An unsigned review of The Playgoers’ Handbook to the English Renaissance Drama, by Agnes Mure Mackenzie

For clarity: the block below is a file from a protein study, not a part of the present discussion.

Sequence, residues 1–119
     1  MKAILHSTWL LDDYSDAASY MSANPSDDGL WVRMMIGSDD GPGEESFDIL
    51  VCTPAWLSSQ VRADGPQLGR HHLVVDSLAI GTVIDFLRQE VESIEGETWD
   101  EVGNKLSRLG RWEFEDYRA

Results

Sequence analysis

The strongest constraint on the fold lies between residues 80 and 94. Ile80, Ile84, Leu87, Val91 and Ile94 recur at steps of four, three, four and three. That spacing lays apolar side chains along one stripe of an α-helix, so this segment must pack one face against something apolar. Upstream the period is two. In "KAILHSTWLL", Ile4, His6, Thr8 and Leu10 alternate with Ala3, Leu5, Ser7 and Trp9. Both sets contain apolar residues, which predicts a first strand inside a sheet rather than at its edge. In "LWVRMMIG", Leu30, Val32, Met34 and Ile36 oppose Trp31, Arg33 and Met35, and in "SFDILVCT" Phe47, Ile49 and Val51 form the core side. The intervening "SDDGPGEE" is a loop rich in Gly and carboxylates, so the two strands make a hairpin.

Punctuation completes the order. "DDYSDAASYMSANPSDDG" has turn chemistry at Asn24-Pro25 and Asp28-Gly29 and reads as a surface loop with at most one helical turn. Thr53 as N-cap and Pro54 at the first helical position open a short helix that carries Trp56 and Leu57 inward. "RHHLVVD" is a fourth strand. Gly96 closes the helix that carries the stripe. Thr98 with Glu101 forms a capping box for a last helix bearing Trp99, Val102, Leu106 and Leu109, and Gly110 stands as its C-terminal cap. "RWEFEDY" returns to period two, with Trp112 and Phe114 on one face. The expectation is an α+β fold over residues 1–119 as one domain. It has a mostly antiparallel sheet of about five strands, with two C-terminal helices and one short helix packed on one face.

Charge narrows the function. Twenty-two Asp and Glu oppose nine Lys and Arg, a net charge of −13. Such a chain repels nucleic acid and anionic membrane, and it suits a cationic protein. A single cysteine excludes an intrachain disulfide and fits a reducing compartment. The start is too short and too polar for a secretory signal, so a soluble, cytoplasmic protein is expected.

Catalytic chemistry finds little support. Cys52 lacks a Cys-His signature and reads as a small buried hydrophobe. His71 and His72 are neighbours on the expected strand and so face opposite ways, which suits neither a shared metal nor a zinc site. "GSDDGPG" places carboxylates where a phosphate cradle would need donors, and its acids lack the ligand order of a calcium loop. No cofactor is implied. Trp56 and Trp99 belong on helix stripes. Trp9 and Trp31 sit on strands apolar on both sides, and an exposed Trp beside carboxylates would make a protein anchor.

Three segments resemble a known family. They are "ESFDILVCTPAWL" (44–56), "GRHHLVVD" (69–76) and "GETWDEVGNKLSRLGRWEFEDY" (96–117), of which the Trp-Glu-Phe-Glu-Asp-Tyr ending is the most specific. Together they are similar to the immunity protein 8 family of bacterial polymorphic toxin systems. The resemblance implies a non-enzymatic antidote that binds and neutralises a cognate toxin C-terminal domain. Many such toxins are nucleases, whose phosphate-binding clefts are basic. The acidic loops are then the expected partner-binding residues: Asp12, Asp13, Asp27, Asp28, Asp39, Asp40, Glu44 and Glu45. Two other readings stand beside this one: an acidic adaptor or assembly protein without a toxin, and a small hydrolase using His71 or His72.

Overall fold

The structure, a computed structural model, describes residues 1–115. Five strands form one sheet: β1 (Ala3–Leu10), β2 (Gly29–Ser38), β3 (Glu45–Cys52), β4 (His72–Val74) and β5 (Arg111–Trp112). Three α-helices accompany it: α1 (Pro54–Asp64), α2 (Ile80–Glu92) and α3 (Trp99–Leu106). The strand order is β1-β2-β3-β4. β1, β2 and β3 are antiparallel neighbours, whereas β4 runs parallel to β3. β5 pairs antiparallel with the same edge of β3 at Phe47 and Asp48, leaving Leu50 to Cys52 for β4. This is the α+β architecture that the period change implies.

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182 ] An unsigned review of The Playgoers’ Handbook to the English Renaissance Drama, by Agnes Mure Mackenzie London: Jonathan Cape, 1927. Pp. 191. The Times Literary Supplement, 1334 (25 Aug 1927) 577 Miss Mure Mackenzie’s purpose is apparently to make the Elizabethan drama, besides Shakespeare, understanded of the people.1 Her book is a summary account and criticism of the chief Elizabethan dramatists and their more important plays, with a chapter of hints on how they should be produced by amateurs (including useful remarks about costume and scenery ), an appendix of dates, an appendix of bibliography, and an appendix of the societies which have produced some of these plays. Miss Mure Mackenzie sets out to rescue the Elizabethan drama from the highbrow, and to show to the plain person that these plays are really very good stuff. But when she comes to express her opinion of the dramatists severally her enthusiasm cools. To Lyly, indeed, she is fair, though she does not encourage reproduction of his plays; about Kyd she is discouraging; she says that “verve and pace, and a certain hard brilliant glitter” are the “main qualities” of Jonson’s plays [82]; to Chapman she is hardly kinder: “The plays have passion in them, but it is mainly a passion of the intellect” [92]; Marston is “rather an odd sort of person” [93]; and as for Middleton, Rowley, Webster, and Tourneur she remarks “the absence of any real emotional quality” [115]. If Miss Mure Mackenzie is writing for plain people who are innocent of any knowledge of Elizabethan drama, she certainly says very little to encourage them to become acquainted with it.2 Original text of the review: Miss Mure Mackenzie’s purpose is apparently to make the Elizabethan Drama, besides Shakespeare, understanded of the people. Her book is a summary account and criticism of the chief Elizabethan dramatists and their more important plays, with a chapter of hints on how they should beproducedbyamateurs(includingsomeusefulremarksaboutcostumeand scenery),anappendixofdates,anappendixofbibliography,andanappendix [ 183 An unsigned review of The Playgoers’ Handbook of the Societies which have produced some of these plays. Miss Mure Mackenzie starts with a violent prejudice in favour of the Old Vic audience, and an equally violent, but less commendable, prejudice against the person who she calls the “highbrow.” She says that in recent years the Elizabethan Drama has been to many people “a highbrow cult,” but assures us by adding thatthehighbrowsarenow“movingon”totheRestorationandtheRussians. And throughout her preface she protests her attachment to the plain and popular cause, and her aversion for the “highbrows,” who apparently haunt “the university class room,” and “the Café Royal.” Her book, she avers, is written for people like herself, “plain men and women without claim to scholarship and with a considerable objection to highbrows and such vermin of the arts.” Now “vermin” is strong language, and moreover unfair. The Phoenix Society was founded and supported throughout its difficult career by disinterested and unselfish “highbrows”; its audience, such as it was, was largely a “highbrow” audience; but for the “highbrows” the plays of Jonson and Dryden would never have been produced. Jonson and Dryden and Congreve were great dramatists, but did they not write for, and was their drama not made possible by, the same sort of people whom Miss Mure Mackenzie derides and vilifies as “highbrows.” We may refer Miss Mure Mackenzie,withhertiresomechampionshipof“plainpeople,”toMr.Leonard Woolf ’s recent lucid pamphlet Hunting the Highbrow;3 and content ourselves with saying that Miss Mure Mackenzie’s violence and intemperance prejudices her own cause. Miss Mure Mackenzie sets out to rescue the Eliza­bethan Drama from the highbrow, and to show to the plain person that these plays are really very good stuff. Unfortunately, when she comes to express her opinion of the dramatists severally, her enthusiasm seems to cool. To Lyly indeed she is fair, though she does not encourage reproduction of his plays; about Kyd she is discouraging (incidentally she does not seems to be aware that Arden of Feversham is now attributed to Kyd by the best authorities). She takes for granted that Richard II and Richard III are both entirely by Shakespeare. She says that “verve and pace, and a certain hard brilliant glitter,” are the “main qualities” of Jonson’s plays. To Chapman she is hardly kinder: “the plays have passion in them, but it is mainly a passion of the intellect.” Marston is “rather an odd sort of person.” Eastward Hoe she says is Dekker’s, though the best...